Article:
Then it was up to Leo Carrillo State Beach where the perch fishing was fantastic with more than a dozen over 13" and a few 15 inchers!

From San Diego to Malibu several seabass, halibut and striper have been caught in the surf.  Although these fish are difficult to target they are definitely out in the surf and possible to catch.

For the past few days I have been fishing around the Bolsa Chica area and found quite a few nice sized perch.  The yellowfin and spotfin have not been biting lately but it won't be long before they are looking to forage before the winter.  I like to use clams (little neck, razor clams) this time of year as that's what they are eating.  You may notice the small "bean clams" at the beach at low tide and these beds are what surf fish are feeding on now.

This weekend and next week have some great tides for both fishing and collecting bait.  Go down at low tide to an area that has rocks which are covered at high tide and look around in the sand for clams, worms, crabs and ghost shrimp.  I use gloves and a small cultivator to turn over sand and rocks.  You'll be amazed at what you find and how well it works to catch surf fish.

Home of the All-in-One Surf Tackle Kit

Monday, September 2, 2013

     This August has had some ups and downs in the surf.  We started the month red hot with corbina everywhere.  But with strong West winds and no South swell the water temperature dropped and slowed fishing way down.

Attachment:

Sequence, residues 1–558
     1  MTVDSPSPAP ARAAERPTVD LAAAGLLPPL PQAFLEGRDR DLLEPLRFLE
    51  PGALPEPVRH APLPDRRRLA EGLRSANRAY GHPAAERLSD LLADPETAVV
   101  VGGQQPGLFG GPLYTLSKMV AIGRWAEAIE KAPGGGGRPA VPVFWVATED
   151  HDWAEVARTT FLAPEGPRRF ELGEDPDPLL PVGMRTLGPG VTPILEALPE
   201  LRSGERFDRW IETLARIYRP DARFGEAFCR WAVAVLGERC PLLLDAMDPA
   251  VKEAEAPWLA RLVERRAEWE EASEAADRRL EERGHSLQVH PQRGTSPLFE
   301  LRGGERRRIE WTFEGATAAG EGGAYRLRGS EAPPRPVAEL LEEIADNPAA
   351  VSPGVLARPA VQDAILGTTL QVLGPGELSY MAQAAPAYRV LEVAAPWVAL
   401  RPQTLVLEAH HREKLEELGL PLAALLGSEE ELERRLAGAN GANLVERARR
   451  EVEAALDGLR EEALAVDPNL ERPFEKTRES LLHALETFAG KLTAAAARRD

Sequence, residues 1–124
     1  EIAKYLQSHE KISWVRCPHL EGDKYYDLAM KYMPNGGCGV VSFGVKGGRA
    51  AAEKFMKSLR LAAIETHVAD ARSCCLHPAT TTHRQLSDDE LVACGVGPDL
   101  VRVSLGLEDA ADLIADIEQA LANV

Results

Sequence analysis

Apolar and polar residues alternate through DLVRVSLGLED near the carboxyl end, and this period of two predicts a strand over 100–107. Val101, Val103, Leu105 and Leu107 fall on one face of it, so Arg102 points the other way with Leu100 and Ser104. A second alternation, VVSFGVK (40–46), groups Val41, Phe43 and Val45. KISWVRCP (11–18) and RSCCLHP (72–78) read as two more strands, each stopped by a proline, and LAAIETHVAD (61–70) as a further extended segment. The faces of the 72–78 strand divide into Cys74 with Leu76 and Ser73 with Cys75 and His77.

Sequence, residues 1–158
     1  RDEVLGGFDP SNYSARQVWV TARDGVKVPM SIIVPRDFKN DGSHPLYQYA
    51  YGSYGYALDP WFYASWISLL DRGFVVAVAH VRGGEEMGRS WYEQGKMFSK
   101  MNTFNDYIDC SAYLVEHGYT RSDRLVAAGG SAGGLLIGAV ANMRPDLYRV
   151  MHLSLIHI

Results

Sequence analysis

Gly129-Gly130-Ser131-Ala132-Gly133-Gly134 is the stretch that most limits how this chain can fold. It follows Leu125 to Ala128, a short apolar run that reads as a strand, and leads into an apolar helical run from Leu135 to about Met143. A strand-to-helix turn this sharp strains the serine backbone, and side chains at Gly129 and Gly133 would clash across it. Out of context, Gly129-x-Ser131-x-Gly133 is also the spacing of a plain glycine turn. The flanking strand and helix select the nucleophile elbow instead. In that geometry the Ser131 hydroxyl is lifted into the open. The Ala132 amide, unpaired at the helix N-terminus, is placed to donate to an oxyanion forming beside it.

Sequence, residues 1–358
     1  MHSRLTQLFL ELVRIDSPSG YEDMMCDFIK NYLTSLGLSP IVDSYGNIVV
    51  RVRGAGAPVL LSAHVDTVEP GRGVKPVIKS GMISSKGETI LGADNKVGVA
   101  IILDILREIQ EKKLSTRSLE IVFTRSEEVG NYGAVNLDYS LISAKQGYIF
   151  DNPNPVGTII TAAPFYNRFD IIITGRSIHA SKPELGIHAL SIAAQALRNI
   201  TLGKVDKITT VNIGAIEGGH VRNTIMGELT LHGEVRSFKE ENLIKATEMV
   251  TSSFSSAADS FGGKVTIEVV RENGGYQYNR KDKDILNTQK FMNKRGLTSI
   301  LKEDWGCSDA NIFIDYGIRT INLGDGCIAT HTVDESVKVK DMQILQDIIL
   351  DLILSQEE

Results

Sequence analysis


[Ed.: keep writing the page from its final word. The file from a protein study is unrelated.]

The good news is that the water is warming and that has led to a shedding of sand crab shells making them a great bait to use right now.

     This upcoming week has some great tides for both fishing and making bait.  I would look to fish with sand crabs, ghost shrimp and worms for a few more weeks.  In early October look to change up your bait to clams and mussel for the early fall bite on spotfin croaker and the last of the summer corbina.  Halibut are active all year so anytime is a good time for the Lucky Kraft sytle lures in size 65mm and 110mm.  Also, don’t forget about how good Krocodiles and Kastmasters can be in ¾ ounce size this time of year.

      Regarding our seminar at Carpinteria State Beach…What a great place for a seminar and an even better place for surf fishing!

     Thank you to everyone who came to the seminar and also to the State of California for hosting us and to my buddy Bill Burhans for his help.

      I knew fishing was going to be good just after I arrived at the park on Friday.  We decided to walk the beach and check out where the best spots for surf fishing might be.

     The first thing I noticed was how warm the water was and how many millions of sand crabs there were.  In fact, there were so many crabs that their beds made a hump in the sand that created its own wave as water crashed over it!

    Not too many more steps and I couldn't believe what I saw:  A five or six pound corbina feeding in just inches of water.  Having lived in Santa Barbara for eight years I assumed that this was just a lucky encounter with a fish that is rarely seen above Ventura.  But how wrong one can be--when I saw another, even bigger fish, right at sunset.

      That evening provided some great perch fishing.  A fish every cast and sand crabs for bait right at your feet.

     The next morning our courageous group finished off some coffee and donuts and after a short seminar went down to the sand to fish.  Dozens of perch, a ray and a large corbina were landed.  Perfect tides, wind and waves made for a great day  at the beach.